Let's Make Robots!

Raspberry driven TB-2? Or better RPI-TB-2

Drives around controlled by a web interface and streams video
tiny_driver.tar.gz8.58 KB

Hey all,

I finish building this about 2 weekends ago but I never got to actually post it so here it is: Raspberry Pi tracked bot or short RPI-TB-2 :)

Built this one for several reasons:

  1. Wanted to test my tracked base 
  2. Wanted to make use of the PI 
  3. Intending to add some form of autonomous navigation based on webcam ... someday

The mechanichs is the same as TB-2 not much else to add except it's printed properly this time (blog here) :D

From TB-X


The electronics consists of a Raspberry and a custom driver I have build for the olde C.R.A.B which was never the same after seeing Berlin. The driver consists of an ATTiny2313 and a L293. The tiny listens for commands over I2C and controls the motors based on them. Five commands can be sent currently for left,right,forward,backward,stop. 

On thing I had to workaround is the level shifting for i2c from 3.3v on Pi to 5v on tiny. I have found this on the arduino playground, and tryed the simple resistor hack. I works great.

From TB-X

On the Pi usb port I have a Logitech webcam and an old ugly wifi dongle. 


From TB-X

The Pi is great but it is also power hungry drawing about 700mA by itself, add to that the usb devices and you get around 1 A just for the brainz. This is a bit on the high side for the 7805  regulator causing it to heat up considerably (read burning fingers).

So to solve that I have split the load, on regulator for the Pi one for the USB. To power the usb I'm infusing 5V in the cable directly.

With that done I have all hardware powered.

Now on to software ... I could have used one of the linux distros already out there but most are very bloated, way too generic to be useful on a robot. 

So I decided to build my own using Buildroot which is a linux filesystem and kernel build collection of scripts and make files. Somebody did this before me so all credits go there . After a few hours including configuration I had my little Linux all built, installed it on the SD card and booted the Pi. Success.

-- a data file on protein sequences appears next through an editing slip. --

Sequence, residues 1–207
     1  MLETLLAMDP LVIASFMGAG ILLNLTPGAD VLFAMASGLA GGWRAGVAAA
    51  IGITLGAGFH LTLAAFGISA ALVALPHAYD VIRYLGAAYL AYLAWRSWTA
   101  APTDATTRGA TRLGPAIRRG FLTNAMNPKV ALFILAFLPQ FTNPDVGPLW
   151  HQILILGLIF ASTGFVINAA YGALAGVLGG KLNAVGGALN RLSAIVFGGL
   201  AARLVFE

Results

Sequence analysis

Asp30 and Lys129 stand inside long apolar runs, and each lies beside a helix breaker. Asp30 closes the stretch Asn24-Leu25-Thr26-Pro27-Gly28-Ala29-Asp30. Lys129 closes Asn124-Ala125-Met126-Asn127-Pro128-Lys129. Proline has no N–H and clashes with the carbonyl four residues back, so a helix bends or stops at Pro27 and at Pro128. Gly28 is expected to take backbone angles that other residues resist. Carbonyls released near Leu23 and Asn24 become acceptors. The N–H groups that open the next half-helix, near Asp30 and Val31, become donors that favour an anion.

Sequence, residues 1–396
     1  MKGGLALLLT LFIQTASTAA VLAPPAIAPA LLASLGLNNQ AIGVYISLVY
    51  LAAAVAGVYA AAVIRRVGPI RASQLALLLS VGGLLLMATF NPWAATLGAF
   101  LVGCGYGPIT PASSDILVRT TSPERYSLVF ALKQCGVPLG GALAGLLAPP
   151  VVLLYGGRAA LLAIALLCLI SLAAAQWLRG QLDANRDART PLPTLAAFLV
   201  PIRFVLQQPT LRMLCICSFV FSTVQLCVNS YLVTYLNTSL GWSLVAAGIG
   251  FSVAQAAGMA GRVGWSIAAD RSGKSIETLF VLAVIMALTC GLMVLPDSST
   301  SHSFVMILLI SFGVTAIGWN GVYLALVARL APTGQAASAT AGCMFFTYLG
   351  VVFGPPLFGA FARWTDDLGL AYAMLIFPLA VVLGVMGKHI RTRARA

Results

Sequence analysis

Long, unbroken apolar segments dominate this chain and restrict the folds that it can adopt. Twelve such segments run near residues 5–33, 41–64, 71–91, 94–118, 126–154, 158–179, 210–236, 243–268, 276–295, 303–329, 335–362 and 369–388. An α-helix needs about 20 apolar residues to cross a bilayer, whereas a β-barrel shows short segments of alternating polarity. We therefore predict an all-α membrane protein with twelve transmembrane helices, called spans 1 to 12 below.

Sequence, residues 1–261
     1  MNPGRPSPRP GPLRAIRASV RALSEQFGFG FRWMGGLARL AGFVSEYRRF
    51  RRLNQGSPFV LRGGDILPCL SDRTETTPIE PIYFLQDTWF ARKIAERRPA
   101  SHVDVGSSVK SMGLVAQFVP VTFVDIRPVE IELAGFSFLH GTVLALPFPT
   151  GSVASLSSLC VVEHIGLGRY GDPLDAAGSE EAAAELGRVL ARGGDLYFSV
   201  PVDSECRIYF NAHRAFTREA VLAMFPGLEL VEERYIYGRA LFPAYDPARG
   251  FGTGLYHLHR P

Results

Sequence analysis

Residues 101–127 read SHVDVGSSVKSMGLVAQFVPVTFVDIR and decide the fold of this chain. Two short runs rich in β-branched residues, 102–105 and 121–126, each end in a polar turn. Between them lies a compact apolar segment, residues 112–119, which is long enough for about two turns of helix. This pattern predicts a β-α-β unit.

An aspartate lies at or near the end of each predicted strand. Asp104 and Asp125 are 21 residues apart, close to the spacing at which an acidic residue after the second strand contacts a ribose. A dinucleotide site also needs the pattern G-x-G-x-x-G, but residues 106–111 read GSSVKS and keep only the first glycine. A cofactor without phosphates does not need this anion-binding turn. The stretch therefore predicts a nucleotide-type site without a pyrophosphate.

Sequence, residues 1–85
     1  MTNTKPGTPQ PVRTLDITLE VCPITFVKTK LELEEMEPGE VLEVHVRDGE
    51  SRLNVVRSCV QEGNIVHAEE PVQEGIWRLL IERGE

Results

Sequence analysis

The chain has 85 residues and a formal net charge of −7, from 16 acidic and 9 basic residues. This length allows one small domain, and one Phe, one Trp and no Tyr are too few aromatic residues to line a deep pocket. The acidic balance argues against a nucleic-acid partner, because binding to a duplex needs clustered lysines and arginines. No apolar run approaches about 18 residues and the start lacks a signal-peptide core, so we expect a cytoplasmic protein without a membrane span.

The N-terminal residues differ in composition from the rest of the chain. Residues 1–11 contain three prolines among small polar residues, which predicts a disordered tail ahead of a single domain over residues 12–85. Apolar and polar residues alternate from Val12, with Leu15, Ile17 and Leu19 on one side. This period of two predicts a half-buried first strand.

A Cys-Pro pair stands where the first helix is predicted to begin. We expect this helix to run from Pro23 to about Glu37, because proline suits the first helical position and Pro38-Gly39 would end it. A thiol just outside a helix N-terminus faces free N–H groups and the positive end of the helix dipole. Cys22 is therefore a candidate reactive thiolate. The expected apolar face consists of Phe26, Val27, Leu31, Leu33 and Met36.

Next was to configure the kernel to have the needed drivers for my webcam and wifi dongle. Once that was done I had to hack some scripts into connecting the robot to my local network. 

Next thing todo was to get the webcam streaming to the network. I used mjpg-streamer to do this. 

Last was to create a little server which presents a webpage with the video stream and a form with buttons which send I2C commands when pushed. I wrote that in python ... it's  really basic and security is inexistent. 

I'm currently having issues with the stupid wifi dongle... it's completely unstable and most of the time the coonection drops. Because of this I never really got to actually do a video on it :/ 

Will have to find some other dongle or another way to connect.


From TB-X

Update - Think I fried the linears :/

The Pi needs power ... so I got 2 mini SBEC's to fix that ... coming near christmas probably.

Wifi is fixed though, found a post about adding  a kernel parameter to fix it. Thanks for mogul, and the others hitting my stream while I was load testing :)


Update - Linears won't do? SBECS man :) 

Ok so I got me SBECS from ebay. 

Put the thing back together ... and had FrankNeon drive it around me house :) Video added :D


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Are you or have you tried to stream the webcam's video to the internet?

Unfortunately my wifi dongle sucks, needs a replacement before I can try again.

You might not have had to worry about level shifting. The Tinies work down to 2.7 v (1.8v for the 2313v.). Was it an issue with the 293 having to be that high? I was able to see a Tiny 85 on the Pi i2c bus using the Pi's GPIO 3.3v, but that was as far as I got.

Had the driver already rigged on 5V :)

Can I talk you into doing a walkthrough of the I2C communications between the Tiny and the Pi?  I was having some difficulties when I last put it down.  Having one of my Linux gurus nail it down would help.

Think I'll do a more torough one.

Thanks for sharing. Getting to see video of this in action will be cool. :)

yes :)